The Junior Varsity season with an overall record of 5-3 record.(we were 3-5 last year) We opened up the season with a resounding 36-0 over Hartley-Melvin-Sanborn on the road in Hartley. In week two we traveled to Moville where we defeated a pretty good Wildcat team by the score of 38-12. In the third game of the season the Ponca Indians traveled across the Mighty Mo for our first home contest of the season. The Blackhawks boys didn’t disappoint the hometown faithful posting a 30-0 shutout victory over our out-of-state rivals. In Week 4 we ran into a buzzsaw up north in Hawarden losing by a score of 40-18 on the Falcon turf. Sitting at 3-1we faced our War Eagle rivals to the west, the Westerners of A-W, We were able to come out with a another shutout victory our third of the season with a 22-0 win In game six of the season we were back home in the friendly confines of the Held Sports Complex but we couldn’t finish the deal against a good Unity squad losing by a score of 20-7. We finished the year with two home games, shutting out our nemesis to the north Gehlen 26-0 but then lost a nail biter 26-24 to the Eagles of Lawton-Bronson.
We were a young football team, we played a lot of freshmen and sophomores but they always played with a lot of determination and fiestyness. I really thought this group learned how to compete as the season progressed. We were a much different team at the end of the season than where we began in early August. It will be fun to watch these guys develop over the several months with the off-season workouts that are available. Many of these young men will be called on to play a role on the Varsity next year.
Members of this year’s Junior Varsity squad were Juniors Ty Jones, Danny Blackwell, Gage Morgan, and Tommy Elidaes. Sophomores Gabe Anderson, Kyle Leary, Nick Lindley, Mark Gant, Brogan Lake, Michael Loutsch, Landin Burkhart, Brooks Binneboese, Jack Beeck, Blake Schoenherr, Kolten Robinson, and Drew Keller.. Last but not least are our Freshmen team members included in this group were Cole Friessen, Will Hagestrom, Jack Diediker, Logan Kempema, Julian Small, Tommy Tanner, Jackson Kounkel, Colton Hall, Kolt Droegmiller, Reese Stokes, Reece Schroeder, Landen Hanks, and Carson Divis. Coach Clark and I would like to say thanks to these guys for all their hard work and a very enjoyable football season.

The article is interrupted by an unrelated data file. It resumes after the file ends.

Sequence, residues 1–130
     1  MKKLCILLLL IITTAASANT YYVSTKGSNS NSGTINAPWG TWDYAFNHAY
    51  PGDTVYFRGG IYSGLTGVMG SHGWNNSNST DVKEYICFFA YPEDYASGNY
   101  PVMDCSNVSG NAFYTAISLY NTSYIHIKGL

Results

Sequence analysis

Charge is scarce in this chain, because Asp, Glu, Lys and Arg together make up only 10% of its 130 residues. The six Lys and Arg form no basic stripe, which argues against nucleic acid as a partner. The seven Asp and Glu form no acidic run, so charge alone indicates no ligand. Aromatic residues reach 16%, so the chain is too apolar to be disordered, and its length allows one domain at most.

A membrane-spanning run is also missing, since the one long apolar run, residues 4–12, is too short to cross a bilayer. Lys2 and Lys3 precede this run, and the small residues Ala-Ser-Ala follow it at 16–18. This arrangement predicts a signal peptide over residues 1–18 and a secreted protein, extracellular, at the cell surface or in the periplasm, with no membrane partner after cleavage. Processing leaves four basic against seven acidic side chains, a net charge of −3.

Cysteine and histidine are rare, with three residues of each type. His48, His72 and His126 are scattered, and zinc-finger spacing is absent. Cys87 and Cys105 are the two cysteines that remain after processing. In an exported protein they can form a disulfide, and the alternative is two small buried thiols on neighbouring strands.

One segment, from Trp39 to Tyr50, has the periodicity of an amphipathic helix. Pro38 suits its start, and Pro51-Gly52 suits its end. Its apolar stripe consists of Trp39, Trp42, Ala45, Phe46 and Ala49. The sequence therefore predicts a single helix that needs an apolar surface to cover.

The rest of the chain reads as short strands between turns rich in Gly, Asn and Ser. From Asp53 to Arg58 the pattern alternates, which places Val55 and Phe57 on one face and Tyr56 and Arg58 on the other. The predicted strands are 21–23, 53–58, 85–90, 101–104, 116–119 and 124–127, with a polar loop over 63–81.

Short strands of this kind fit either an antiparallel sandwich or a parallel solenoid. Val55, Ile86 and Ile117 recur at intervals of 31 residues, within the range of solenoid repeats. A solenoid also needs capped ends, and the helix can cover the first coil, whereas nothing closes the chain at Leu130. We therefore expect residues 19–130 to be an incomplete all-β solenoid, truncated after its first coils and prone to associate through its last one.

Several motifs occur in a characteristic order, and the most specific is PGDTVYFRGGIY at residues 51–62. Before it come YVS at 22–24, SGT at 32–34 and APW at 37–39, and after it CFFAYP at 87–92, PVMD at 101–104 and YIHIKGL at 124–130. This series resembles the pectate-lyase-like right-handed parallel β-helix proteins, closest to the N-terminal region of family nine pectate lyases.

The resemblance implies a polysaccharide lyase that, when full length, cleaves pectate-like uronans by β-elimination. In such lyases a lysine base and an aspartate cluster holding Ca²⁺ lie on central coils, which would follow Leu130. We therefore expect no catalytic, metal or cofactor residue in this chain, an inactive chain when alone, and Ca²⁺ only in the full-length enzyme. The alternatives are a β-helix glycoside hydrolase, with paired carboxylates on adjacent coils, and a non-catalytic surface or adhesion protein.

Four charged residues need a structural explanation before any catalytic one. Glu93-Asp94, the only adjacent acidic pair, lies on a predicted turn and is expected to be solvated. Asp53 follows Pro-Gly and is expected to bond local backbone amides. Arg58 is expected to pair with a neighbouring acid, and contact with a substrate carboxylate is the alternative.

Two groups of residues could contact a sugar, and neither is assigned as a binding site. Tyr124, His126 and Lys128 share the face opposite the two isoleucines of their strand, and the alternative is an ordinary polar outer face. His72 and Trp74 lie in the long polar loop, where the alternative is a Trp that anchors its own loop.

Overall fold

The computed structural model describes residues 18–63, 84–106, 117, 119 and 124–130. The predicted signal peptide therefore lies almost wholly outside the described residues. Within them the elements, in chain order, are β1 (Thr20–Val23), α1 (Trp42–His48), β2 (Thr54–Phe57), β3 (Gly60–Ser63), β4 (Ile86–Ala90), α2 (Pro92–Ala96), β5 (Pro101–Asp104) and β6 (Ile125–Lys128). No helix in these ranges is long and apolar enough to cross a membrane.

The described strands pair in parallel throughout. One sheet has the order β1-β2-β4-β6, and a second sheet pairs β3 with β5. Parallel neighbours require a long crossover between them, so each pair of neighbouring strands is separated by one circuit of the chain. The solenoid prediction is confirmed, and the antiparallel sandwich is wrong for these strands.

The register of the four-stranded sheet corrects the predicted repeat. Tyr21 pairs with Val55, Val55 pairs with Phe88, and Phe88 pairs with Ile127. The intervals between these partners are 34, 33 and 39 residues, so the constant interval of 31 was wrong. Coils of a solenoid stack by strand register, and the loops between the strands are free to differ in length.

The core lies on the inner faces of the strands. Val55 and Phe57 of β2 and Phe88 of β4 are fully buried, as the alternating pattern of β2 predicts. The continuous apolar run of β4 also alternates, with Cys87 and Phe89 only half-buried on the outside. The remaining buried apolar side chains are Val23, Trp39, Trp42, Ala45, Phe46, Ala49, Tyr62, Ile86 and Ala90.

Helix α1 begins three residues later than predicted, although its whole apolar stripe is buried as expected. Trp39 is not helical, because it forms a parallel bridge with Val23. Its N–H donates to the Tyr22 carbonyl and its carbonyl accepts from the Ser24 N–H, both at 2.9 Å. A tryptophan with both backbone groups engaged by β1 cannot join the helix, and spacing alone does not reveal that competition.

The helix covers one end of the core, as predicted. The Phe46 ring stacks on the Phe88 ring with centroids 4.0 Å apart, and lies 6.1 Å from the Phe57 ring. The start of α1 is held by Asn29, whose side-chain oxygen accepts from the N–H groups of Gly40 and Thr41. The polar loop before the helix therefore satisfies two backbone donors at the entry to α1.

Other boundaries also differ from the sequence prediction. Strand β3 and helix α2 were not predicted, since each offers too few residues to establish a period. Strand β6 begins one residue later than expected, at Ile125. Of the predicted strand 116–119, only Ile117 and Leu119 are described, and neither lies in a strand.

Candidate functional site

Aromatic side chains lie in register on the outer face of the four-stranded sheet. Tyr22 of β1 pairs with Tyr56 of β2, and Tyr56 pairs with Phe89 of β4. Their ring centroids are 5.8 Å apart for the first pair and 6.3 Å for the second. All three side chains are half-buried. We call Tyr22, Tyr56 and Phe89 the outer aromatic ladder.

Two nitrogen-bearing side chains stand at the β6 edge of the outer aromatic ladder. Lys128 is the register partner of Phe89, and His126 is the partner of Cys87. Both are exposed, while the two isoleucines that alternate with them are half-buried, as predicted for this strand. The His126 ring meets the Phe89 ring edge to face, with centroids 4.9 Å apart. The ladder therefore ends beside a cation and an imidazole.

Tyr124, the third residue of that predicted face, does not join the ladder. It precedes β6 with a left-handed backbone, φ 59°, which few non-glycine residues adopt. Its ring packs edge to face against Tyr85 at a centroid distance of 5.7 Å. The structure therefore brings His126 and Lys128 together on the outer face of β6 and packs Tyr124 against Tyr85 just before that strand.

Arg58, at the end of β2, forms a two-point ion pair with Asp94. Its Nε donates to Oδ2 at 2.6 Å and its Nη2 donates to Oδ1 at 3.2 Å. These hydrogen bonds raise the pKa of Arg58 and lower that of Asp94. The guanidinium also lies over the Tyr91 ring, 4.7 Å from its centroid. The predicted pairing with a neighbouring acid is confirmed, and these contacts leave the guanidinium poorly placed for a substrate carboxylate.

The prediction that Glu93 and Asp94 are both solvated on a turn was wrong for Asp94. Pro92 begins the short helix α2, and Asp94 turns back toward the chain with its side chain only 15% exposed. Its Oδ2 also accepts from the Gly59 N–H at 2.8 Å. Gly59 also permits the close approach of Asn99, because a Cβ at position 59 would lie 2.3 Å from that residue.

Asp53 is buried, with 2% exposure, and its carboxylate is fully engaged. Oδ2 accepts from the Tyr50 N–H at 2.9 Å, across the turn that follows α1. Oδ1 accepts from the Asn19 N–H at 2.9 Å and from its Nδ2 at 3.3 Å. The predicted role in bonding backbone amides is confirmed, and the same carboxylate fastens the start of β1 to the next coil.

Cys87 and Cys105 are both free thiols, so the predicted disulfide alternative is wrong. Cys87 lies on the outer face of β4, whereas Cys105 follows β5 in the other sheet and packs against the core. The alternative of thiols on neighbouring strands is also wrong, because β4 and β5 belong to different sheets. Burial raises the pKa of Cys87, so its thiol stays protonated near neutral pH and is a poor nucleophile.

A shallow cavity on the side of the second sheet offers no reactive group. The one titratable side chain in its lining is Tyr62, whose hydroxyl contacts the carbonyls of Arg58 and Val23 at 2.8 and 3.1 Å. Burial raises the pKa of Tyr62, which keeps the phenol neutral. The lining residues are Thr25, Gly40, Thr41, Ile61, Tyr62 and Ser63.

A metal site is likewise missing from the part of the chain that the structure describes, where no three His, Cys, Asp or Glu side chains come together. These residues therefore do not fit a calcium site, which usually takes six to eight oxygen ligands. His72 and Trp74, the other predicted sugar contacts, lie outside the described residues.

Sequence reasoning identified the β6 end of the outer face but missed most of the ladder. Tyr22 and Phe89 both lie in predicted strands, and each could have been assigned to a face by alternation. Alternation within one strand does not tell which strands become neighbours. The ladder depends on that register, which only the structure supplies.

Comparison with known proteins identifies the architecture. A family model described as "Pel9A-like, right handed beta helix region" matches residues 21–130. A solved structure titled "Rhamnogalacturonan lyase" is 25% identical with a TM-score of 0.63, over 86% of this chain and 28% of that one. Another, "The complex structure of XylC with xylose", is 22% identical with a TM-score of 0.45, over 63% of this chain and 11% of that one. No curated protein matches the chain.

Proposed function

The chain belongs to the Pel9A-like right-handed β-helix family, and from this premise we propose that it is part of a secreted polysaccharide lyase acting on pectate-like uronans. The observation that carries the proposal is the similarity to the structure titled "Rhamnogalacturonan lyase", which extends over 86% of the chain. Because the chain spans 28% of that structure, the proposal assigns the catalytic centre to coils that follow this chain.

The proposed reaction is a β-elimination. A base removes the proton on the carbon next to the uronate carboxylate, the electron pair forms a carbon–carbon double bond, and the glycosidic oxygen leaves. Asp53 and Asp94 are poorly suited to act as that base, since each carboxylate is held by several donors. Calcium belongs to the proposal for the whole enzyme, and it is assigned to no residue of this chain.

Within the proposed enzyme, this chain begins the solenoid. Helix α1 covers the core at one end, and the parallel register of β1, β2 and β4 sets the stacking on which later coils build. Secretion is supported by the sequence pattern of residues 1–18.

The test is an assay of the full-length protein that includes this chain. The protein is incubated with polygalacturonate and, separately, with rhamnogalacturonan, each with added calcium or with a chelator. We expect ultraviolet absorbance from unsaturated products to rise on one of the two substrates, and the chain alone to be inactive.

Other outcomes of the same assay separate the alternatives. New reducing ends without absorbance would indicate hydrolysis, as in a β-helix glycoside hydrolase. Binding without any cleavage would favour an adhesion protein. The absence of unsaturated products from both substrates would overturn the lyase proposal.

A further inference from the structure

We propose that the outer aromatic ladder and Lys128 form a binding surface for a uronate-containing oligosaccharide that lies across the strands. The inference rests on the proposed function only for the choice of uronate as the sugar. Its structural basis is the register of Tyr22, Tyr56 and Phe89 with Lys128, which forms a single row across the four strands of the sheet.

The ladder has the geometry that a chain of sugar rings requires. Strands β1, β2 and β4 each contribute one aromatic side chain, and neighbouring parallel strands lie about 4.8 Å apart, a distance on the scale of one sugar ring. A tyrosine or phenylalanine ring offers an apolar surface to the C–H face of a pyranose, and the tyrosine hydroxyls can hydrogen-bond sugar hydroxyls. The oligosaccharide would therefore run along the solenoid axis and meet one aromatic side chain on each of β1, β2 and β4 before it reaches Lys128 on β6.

Ms. Holli Brown, High School English Teacher
As the calendar year comes to a close and we wrap up our first semester, it only seems fitting to spend time reflecting on the past few months in high school English. I’d like to highlight a few experiences from some of my classes that are standout moments for me - and hopefully the students as well.
What an energetic group of sophomores we have this year! These hard workers were immediately engaged in class, and I knew I had to find a way to harness their gift of gab in an equally engaging way. The answer was simple: a spooky-themed class podcast series just in time for Halloween. After studying different types of podcasts and evaluating what qualities make an effective podcast and podcaster, students chose partners and an urban legend to research. Podcast teams selected key details, scripted the podcast, rehearsed, and recorded the episodes that were uploaded into a class podcast series that investigated the staying power and credibility of some famous and some local urban legends. The collaboration, creativity, and use of voice, music, and even sound effects to establish a tone and enhance their message were impressive to say the least, and while they might not outwardly agree with this, I think that they had a good time while researching, writing, and performing.